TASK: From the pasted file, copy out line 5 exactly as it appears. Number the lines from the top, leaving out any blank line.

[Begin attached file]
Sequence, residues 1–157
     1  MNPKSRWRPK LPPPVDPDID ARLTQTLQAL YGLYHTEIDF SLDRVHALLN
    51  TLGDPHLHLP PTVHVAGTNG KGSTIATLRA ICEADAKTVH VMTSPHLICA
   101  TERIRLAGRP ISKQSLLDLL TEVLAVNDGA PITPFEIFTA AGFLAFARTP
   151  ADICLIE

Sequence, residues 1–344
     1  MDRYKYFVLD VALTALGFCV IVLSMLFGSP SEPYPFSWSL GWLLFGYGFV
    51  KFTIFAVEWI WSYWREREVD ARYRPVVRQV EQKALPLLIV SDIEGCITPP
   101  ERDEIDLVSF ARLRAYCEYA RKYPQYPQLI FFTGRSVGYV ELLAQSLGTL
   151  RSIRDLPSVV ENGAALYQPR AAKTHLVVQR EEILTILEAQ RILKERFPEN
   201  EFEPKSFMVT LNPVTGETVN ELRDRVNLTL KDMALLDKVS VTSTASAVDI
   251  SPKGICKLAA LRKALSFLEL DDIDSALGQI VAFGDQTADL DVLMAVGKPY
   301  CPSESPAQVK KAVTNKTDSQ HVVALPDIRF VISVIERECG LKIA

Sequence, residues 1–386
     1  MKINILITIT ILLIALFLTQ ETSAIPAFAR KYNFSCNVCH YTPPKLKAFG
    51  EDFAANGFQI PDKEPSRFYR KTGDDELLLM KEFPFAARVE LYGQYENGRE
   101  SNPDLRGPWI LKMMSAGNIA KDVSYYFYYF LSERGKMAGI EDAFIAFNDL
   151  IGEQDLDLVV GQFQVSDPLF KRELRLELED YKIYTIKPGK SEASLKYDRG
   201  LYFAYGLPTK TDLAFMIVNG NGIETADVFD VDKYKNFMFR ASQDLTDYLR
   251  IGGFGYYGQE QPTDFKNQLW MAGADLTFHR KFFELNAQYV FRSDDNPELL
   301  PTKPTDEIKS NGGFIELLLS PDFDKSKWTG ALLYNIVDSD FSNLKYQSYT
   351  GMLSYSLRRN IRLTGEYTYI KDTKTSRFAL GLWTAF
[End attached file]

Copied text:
   151  ADICLIE